There are few more divisive topics in the food world now than genetically modified organisms. The majority of Americans view GMOs as dangerous even though a majority of scientists think they’re safe. Most recently Chipotle, which holds itself up as the vanguard of ethically-sourced, transparently prepared and healthy(ish) fast food, declared war on GMOs as did ice cream do-gooders Ben & Jerry’s.
Whatever your opinion of food’s genetic manipulation and the agricultural tinkerers who perform it, one idea that seems uncontroversial is GMO labeling. Recent polling suggests only seven percent of Americans are against the idea of labeling genetically modified food, but a bill continues to wind its way through congress that prevent states from doing that. House Bill 1599 puts the entire responsibility for labeling GMOs in the hands of the FDA by “preempt[ing] state and local restrictions on GMOs or GMO food and labeling requirements for GMOs, GMO food, non-GMO food and ‘natural’ food.” This would nullify laws like one recently passed in Vermont, which require foods made with even partial genetic engineering to carry a label.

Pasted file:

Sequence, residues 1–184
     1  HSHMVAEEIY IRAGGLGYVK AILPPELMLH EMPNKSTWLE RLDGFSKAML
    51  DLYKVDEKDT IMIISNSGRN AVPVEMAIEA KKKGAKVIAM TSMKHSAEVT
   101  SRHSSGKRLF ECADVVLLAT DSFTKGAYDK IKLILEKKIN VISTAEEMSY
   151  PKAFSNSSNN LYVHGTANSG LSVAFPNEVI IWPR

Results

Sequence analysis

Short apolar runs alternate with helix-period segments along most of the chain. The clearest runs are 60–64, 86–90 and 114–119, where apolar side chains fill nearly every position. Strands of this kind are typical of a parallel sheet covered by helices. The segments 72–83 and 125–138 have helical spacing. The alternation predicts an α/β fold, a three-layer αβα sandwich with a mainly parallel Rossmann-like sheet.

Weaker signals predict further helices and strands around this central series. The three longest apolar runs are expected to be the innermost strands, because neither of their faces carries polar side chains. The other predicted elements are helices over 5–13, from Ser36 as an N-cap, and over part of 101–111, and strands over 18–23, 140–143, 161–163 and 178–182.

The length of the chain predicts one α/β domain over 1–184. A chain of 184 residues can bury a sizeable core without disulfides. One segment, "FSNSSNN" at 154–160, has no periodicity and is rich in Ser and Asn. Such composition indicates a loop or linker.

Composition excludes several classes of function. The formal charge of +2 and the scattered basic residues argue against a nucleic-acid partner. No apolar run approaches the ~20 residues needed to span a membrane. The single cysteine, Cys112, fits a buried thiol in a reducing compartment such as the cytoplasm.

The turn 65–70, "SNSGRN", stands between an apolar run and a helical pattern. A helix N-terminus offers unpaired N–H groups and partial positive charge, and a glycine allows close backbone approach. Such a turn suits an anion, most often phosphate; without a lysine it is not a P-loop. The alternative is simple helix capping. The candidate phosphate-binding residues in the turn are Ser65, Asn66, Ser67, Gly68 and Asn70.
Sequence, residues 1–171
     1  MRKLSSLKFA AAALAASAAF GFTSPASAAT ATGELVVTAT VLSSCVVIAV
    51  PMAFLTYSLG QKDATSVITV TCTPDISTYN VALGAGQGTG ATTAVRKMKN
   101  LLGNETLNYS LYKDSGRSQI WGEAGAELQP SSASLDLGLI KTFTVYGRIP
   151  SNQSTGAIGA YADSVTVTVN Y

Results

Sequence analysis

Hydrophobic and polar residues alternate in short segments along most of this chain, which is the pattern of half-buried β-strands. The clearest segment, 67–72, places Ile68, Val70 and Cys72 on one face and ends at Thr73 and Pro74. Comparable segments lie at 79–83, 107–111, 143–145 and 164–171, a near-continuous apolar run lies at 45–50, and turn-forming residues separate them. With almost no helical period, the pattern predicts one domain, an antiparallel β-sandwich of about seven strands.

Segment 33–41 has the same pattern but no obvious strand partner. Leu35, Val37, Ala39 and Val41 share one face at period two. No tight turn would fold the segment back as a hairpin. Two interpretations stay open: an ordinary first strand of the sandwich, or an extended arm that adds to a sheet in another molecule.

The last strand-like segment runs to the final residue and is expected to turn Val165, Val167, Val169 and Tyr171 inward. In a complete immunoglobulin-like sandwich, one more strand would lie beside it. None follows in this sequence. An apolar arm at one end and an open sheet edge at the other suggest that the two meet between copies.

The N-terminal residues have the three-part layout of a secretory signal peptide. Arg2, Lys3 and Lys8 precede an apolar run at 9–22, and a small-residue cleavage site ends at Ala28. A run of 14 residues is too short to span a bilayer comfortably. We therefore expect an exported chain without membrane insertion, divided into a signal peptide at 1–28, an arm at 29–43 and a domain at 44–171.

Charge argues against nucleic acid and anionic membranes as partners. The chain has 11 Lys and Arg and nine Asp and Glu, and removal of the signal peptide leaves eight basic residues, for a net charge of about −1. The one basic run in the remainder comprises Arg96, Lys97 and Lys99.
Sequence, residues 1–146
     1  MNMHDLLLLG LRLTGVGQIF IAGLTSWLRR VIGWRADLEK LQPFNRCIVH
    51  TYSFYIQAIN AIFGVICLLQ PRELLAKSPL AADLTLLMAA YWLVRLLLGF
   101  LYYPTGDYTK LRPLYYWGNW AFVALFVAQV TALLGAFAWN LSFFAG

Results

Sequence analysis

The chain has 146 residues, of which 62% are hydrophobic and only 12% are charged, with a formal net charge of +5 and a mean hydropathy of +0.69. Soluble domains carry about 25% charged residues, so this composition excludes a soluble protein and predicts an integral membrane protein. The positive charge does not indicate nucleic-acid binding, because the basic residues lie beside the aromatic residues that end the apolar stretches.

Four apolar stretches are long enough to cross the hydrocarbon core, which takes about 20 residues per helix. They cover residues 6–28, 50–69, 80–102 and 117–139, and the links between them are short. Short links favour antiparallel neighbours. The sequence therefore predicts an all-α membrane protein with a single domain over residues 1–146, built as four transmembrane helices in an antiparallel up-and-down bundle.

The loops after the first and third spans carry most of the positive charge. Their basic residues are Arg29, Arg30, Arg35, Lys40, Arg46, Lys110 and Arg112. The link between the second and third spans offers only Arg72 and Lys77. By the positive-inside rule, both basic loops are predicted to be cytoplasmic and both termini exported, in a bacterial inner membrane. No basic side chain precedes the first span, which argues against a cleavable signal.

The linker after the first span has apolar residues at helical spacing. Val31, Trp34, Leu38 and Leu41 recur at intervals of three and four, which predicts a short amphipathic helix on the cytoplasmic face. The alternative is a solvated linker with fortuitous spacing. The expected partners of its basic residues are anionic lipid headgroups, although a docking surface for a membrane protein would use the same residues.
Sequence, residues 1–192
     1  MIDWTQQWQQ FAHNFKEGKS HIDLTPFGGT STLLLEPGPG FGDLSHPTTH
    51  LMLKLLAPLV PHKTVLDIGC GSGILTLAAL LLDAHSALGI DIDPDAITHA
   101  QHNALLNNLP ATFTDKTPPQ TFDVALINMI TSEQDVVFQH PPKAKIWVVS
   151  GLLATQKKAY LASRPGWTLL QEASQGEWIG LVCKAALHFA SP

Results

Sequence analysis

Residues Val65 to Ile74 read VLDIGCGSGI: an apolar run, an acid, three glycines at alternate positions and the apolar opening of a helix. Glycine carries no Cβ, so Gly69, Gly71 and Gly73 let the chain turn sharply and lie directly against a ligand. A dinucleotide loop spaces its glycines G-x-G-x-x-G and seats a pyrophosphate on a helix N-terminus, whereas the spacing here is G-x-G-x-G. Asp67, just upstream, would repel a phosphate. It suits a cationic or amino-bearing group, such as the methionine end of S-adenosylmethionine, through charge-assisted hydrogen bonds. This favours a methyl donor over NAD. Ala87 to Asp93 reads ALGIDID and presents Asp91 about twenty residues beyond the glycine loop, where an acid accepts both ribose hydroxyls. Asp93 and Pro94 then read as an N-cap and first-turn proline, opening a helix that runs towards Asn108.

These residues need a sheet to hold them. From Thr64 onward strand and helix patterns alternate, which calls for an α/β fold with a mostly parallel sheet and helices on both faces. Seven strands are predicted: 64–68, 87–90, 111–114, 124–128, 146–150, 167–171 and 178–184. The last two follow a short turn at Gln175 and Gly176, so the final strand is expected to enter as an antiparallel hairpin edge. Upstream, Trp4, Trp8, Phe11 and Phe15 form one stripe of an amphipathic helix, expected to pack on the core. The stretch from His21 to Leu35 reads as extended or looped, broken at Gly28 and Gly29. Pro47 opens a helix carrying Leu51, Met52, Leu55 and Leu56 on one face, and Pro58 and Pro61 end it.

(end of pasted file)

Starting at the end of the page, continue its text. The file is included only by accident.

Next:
Putting the labeling process in the hands of the FDA is not, on its face, problematic. The issue is that the FDA said it has no interest in labeling anything and wants the process to be voluntary. And the chances that GMO producers will giddily raise their hands to take on the cost and burden of putting extra labels on their products are about the same as Ben or Jerry personally placing a genetically modified walnut in a pint of Chunky Monkey.